I want to break the shackles of fear which have deprived our citizens of rights. We need to change the way this country values humanity, so that instead of fear and lies, we can live our lives based on principles of peace and hope. We need to regain the trust of the American people and we need to have a government which trusts the American people.

It's time for America to resume its glorious journey; time to reject shrinking jobs and wages, disappearing savings and rights; time to reject the detour towards fear and greed. It's time to look out upon the world for friends, not enemies; time to counter the control of corporations over our politics, our economy, our resources, and mass media. It's time for those who have much to help those who have little, by maintaining a progressive tax structure.

It's time to tell the world that we wish to be their partner in peace, not their leader in war. Most of all, it is time for America to again be the land where dreams come true, because the government is on the side of its people.

Ten Key Issues 1. Universal Health Care 2. International Cooperation: US out of Iraq, UN in 3. Jobs and Withdrawal from NAFTA and WTO 4. Repeal of the "Patriot Act" 5. Guaranteed Quality Education, Pre-K Through College 6. Full Social Security Benefits at Age 65 7. Right-to-Choose, Privacy and Civil Rights 8. Balance Between Workers and Corporations 9. Environmental Renewal and Clean Energy 10. Restored Rural Communities and Family Farms

I mean, really, Robert, are you not familiar with the name Dennis Kucinich? The presidential candidate who wrote the above and stands behind it? Do you dislike this vision so much as to not even mention it? Are you paid by big corporations? Are you insane? How can you possibly justify NOT mentioning this vision, while bemoaning that there are no bold ideas out there?

This article is truly pathetic, and I would encourage the writer of it to go on a long sabbatical, and not come back until he gets his head screwed on straight.

For those who want to learn more about this most viable candidate, the one with the ideas, the one who speaks the truth over and over, the one who has done his homework, and the one who WILL be President if we pull our heads out of the dark places, I'd suggest having a look at http://www.votedennis.us.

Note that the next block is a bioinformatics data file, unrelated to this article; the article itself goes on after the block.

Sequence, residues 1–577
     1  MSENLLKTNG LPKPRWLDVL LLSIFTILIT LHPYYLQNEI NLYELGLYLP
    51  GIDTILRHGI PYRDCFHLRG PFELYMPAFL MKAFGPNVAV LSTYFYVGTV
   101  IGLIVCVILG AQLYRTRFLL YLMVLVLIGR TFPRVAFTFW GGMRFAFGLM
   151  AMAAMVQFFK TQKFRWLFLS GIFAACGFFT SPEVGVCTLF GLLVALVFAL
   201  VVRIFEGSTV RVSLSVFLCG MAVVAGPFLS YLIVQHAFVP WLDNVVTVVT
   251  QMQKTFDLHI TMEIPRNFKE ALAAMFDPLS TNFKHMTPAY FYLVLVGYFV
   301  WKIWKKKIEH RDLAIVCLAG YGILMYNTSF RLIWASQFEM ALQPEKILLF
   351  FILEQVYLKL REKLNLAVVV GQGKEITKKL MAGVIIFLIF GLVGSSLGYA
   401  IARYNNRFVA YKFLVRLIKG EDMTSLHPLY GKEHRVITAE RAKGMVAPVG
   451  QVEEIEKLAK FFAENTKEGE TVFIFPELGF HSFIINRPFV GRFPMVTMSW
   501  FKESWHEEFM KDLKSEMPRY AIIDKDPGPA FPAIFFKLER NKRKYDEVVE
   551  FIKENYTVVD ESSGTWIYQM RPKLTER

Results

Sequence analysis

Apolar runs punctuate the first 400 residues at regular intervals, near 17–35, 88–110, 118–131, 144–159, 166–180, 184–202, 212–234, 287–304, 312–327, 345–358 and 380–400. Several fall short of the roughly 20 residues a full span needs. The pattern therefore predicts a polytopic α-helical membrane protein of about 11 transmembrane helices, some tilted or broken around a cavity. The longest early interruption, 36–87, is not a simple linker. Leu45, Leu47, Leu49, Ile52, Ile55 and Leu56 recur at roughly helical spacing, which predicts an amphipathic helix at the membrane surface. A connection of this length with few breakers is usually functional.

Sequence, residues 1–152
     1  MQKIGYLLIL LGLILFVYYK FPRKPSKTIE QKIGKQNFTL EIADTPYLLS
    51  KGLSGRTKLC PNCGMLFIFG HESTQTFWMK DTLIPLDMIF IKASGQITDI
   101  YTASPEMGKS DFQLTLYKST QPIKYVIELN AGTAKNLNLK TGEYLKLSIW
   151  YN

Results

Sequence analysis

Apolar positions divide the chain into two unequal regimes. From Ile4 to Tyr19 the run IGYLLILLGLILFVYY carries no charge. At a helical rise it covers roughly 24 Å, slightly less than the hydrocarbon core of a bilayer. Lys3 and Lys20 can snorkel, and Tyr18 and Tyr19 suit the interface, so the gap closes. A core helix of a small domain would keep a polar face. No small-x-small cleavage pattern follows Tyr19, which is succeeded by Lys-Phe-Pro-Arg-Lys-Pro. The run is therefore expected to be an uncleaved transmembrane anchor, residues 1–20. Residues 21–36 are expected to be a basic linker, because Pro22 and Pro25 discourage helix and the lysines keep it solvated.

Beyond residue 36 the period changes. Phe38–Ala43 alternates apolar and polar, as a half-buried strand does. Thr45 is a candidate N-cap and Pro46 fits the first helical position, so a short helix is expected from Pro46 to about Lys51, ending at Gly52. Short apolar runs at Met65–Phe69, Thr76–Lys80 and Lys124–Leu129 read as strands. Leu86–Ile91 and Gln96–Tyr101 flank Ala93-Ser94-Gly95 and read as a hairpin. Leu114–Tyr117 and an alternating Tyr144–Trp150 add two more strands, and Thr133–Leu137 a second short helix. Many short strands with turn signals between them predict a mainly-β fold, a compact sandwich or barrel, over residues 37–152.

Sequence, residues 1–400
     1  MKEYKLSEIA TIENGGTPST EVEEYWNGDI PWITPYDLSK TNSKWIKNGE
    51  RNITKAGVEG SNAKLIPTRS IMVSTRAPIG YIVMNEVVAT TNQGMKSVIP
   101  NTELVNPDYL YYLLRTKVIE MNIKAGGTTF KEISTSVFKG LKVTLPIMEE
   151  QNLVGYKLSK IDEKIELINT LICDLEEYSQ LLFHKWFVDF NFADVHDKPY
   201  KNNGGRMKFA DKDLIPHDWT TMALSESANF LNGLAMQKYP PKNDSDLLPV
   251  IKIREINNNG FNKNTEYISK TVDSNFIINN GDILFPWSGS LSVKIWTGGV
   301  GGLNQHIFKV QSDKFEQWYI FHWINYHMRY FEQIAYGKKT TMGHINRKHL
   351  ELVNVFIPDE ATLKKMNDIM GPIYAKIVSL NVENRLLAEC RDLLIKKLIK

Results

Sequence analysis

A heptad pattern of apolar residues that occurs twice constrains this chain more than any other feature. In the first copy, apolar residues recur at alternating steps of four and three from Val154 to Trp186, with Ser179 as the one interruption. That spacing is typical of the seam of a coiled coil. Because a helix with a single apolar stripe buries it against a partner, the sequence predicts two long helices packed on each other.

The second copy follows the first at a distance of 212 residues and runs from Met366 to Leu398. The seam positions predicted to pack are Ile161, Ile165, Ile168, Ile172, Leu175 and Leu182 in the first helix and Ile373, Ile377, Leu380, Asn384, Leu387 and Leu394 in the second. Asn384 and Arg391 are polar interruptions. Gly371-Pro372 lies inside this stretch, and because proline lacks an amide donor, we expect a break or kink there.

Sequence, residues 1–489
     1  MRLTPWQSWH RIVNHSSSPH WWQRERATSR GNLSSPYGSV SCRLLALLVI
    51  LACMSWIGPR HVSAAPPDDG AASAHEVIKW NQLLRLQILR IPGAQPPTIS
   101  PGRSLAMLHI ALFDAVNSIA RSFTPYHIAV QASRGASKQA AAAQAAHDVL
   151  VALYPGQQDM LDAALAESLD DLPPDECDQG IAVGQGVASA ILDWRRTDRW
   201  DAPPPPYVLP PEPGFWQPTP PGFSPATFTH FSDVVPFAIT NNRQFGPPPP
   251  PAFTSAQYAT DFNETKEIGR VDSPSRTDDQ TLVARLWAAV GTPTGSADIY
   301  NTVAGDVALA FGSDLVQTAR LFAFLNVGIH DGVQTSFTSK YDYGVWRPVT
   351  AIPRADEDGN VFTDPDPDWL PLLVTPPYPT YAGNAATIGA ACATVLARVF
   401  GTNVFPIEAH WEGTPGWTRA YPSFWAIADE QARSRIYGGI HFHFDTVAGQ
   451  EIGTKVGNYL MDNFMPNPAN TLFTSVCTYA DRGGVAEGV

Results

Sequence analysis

Daniel Geery

Salt Lake City, Utah

Mar 3 2007 - 7:32pm

The Care Crisis

When I first saw this cover I couldn't have felt better that others across the world were reading it; my grandmother and her father had Alzheimer's. Cancer took my brother and my mom, soon my cousin. I am 24 and my office, which was in the World Trade Center, is moving back to Wall Street in a couple months. Mom's older brother and I share the responsibility of my 90 year old grandfather who is sharp as ever but physically, aging.

I know I'm not being paid as much as my male counterparts, but am insured and feel fortunate for that though I don't have much savings. I'm very active with New Jersey, the Rutgers community, America and college campuses in every state. For the last year I worked hard with the director, Dan Lohaus, Iraq and Afghanistan Veterans of America and the Rutgers Film Co-op to arrange the premiere college screening of When I Came Home at Rutgers. Since Presidents' weekend, the film was picked up by The Center for American Progress for a National thirty-campus tour accompanied by American hero Paul Reickhoff.

I keep up a two-bedroom apartment with my significant other and try to maintain a sane head for others in our now much bigger family. I hope that women who read this article are able to use technology to connect and move national action forth for my generations children to be afforded the luxury of slowing down a bit.

Americans are not saving enough and our government continues to borrow what it does not have. This rhetoric between pundits and politicians today is more and more a waste of time and attention. This economic, environmental, and military debacle has to stop. Strong collective human and monetary investment in our communities and our universities could change America if we women communicate effectively.

Rachel Dawn Scharf

Teaneck, New Jersey

Mar 3 2007 - 4:53pm

When's the Idea Primary?

There are no ideas on offer because the ideas that the Democrats have will not sell to the voting public.

So it's better to hide them!

It is what the left always does, in every country, at every election.

Alain Gadbois

Montreal, Canada

Mar 3 2007 - 8:20am